Ankara, Turkey – Since the Armenia-Azerbaijan war erupted again on September 27, 2020, Armenia has suffered significant military setbacks at the hand of Azerbaijani forces.
Not only has it lost most of the originally Azerbaijani-inhabited territories it occupied in 1993, Azerbaijani forces have made inroads into Nagorno-Karabakh, capturing the strategic and symbolic city of Shusha on November 8, 2020.
Armenia seems to have been taken by surprise, something that is particularly puzzling given its increasingly assertive and belligerent rhetoric against Azerbaijan in the past several years.
Why did the conflict not play out the way Armenia’s leadership imagined? The reason lies in a series of grave miscalculations, whereby Armenia’s leadership misread almost everything about this conflict: the broader international environment, the Russian response, Turkey’s role in the conflict, as well as the domestic dynamics of their adversary, Azerbaijan.
A deep paradox was always built into the Armenia-Azerbaijan conflict.
Armenia has a third of Azerbaijan’s population, lacks its natural resources and key geopolitical location.
But it won the war in the early 1990s, largely because of two factors: Azerbaijan’s internal turmoil and Russian backing for Armenia.
These factors helped Armenia win control over Nagorno-Karabakh as well as much larger territories surrounding that enclave, home to almost 750,000 Azerbaijanis who were forced to flee.
But today, everything changed and Armenia lost.
After the Nagorno-Karabakh War, the long-term damage resulting from Armenia’s miscalculations are plain to see.
While part of the damage is physical, even more significant is the mental damage: Armenia’s feeling of military superiority is now broken, and its feeling of isolation palpable.
How did Armenia so badly miscalculate its war with Azerbaijan?
These developments suggest at least four grave miscalculations on the part of Armenian leaders.
First, the rhetoric of “liberated territories” reflects a deliberate attempt to take advantage of the weakening of international law and institutions.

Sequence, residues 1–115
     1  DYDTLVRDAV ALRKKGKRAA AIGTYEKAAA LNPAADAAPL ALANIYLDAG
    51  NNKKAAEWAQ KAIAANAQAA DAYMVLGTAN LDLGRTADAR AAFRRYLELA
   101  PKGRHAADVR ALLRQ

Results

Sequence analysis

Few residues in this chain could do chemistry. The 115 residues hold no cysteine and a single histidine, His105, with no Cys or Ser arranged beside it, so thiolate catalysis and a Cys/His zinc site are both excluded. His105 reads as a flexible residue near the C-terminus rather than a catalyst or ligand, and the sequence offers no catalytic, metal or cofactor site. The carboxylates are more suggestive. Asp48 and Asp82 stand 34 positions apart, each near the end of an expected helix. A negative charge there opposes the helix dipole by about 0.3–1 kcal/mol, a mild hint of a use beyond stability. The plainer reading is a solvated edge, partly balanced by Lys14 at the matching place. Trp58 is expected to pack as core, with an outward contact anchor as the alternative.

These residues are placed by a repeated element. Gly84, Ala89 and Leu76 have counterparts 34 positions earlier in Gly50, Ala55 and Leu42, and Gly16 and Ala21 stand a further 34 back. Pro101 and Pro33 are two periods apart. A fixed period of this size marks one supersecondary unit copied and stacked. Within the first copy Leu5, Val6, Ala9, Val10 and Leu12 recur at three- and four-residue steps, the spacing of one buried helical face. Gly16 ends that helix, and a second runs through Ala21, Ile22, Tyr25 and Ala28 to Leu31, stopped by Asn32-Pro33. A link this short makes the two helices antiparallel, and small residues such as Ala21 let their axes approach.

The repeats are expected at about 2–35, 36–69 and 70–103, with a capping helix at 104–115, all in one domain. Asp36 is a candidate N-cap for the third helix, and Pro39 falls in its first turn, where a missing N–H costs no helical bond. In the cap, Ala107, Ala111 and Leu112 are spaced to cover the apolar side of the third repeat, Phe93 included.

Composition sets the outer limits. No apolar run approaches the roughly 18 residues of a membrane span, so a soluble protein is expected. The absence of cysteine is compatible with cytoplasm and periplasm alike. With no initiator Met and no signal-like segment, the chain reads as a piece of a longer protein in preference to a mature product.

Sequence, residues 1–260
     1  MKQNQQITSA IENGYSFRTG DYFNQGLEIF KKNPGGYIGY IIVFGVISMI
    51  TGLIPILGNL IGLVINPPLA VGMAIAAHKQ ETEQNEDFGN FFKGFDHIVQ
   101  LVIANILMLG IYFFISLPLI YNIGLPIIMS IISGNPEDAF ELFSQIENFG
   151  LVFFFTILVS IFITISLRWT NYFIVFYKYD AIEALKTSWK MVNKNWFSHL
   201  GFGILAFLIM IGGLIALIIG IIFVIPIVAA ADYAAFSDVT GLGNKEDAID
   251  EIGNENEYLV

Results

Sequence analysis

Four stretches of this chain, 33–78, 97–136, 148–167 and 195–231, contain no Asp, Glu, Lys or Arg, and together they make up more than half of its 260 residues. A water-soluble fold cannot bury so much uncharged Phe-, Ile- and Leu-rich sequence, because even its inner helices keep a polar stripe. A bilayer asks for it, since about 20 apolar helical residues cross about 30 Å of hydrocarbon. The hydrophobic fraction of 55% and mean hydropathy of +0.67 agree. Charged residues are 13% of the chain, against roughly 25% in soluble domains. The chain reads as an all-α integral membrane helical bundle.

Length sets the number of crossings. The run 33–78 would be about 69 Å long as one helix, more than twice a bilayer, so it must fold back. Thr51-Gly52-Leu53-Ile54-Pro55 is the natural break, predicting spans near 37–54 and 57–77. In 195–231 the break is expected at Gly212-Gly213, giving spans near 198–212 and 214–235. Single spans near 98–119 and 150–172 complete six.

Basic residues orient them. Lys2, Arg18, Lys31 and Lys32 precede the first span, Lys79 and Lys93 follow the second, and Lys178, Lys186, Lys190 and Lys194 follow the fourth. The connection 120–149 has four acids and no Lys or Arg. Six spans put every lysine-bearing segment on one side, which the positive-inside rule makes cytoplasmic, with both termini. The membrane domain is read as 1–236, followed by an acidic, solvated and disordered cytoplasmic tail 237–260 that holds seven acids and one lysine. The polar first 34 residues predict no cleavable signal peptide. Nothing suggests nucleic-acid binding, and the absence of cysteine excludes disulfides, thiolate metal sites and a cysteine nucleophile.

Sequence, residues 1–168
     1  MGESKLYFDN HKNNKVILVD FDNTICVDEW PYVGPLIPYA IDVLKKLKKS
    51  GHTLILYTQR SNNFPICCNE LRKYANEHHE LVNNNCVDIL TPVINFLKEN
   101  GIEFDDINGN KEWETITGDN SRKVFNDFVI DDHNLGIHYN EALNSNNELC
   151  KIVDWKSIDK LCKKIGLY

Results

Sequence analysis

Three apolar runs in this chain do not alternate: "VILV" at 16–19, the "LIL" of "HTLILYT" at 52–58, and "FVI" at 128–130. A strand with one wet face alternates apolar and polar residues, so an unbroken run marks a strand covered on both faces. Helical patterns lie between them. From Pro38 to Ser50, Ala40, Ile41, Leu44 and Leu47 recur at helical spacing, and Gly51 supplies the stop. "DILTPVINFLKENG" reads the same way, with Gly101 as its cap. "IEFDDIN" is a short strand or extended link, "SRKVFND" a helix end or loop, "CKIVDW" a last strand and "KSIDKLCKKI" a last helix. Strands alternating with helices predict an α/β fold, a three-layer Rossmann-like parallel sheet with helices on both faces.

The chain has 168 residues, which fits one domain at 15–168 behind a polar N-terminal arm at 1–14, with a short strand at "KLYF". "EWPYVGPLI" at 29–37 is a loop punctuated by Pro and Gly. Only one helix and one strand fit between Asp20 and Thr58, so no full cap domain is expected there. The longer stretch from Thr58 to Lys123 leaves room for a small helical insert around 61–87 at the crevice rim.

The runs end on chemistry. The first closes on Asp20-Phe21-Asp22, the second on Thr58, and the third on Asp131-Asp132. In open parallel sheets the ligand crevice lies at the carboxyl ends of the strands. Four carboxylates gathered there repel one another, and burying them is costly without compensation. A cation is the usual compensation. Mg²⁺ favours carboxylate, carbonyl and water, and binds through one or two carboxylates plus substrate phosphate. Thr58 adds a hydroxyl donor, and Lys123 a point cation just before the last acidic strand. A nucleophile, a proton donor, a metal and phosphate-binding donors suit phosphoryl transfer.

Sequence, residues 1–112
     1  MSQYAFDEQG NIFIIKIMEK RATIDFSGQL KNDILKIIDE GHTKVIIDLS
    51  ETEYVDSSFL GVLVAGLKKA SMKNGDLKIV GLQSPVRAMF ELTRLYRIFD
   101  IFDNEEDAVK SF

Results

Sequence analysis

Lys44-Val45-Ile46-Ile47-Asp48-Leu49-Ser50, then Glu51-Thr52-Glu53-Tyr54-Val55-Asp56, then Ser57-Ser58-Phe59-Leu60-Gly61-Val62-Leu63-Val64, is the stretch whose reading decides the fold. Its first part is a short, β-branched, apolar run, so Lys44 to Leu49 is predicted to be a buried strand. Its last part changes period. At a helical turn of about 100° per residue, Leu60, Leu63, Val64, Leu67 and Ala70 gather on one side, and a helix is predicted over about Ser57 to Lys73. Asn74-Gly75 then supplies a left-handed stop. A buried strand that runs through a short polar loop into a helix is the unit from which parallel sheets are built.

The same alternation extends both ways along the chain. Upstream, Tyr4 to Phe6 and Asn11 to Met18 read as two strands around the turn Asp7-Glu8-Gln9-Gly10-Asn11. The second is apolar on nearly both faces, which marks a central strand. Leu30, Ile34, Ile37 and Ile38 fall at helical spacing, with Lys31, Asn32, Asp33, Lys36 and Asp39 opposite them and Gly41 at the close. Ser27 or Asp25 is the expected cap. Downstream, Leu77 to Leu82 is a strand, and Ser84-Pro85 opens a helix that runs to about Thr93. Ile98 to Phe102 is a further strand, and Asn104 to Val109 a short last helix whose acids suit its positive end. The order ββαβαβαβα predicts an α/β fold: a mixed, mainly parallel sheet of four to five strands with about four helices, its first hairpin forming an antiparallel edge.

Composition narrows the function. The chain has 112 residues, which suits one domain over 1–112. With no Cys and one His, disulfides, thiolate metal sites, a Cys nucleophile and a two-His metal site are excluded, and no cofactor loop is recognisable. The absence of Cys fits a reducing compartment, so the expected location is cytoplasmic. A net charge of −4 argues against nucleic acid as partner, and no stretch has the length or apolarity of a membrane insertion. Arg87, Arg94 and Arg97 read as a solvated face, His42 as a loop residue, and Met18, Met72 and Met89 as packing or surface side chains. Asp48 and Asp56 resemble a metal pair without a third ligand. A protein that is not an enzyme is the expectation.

For two decades, Azerbaijan had centered its efforts on using diplomacy and international pressure to undo Armenia’s attempt to change international borders through military force.
A weakening international order appeared to give Armenia a free hand to maintain its control over these lands indefinitely.
What the Armenian leadership neglected to see is that this same international order also deterred Azerbaijan from abandoning diplomacy and pursuing a military solution.
In 2019, President Ilham Aliyev noted that a world was emerging where “might is right,” intimating that Azerbaijan would act accordingly if it could not achieve its goals through diplomacy.
Similarly, Armenia did not realize the implications of its failure to achieve international recognition for its occupation of Azerbaijani territory.
As recent events have made clear, as long as the fighting remains centered on internationally recognized Azerbaijani territory, there is little that western or other powers will do aside from issuing habitual calls for restraint and negotiations.
Second, and perhaps more importantly, Armenia failed to internalize the fact that it could not take Russian support for granted.
Russian influence over Armenia had grown so strong that Vladimir Putin saw little risk in also courting Ilham Aliyev and working to draw Azerbaijan into the Russian orbit.
Students of Russian strategy had long understood that Russia viewed its influence on Armenia as a lever to achieve influence over Georgia and Azerbaijan, both of which carry much greater geopolitical significance.
Several years ago, Russia began selling large amounts of weaponry to Azerbaijan.
Azerbaijan certainly paid higher prices than Armenia, but this move should have caused Armenian leaders to fundamentally question their strategy of dependence on Russia, as Russia also worked hard to entice Azerbaijan to join Russian-led organizations like the Eurasian Economic Union.
Like a poker player with a bad hand, Armenia instead raised the stakes in a rather transparent bluff that Azerbaijan ultimately decided to call.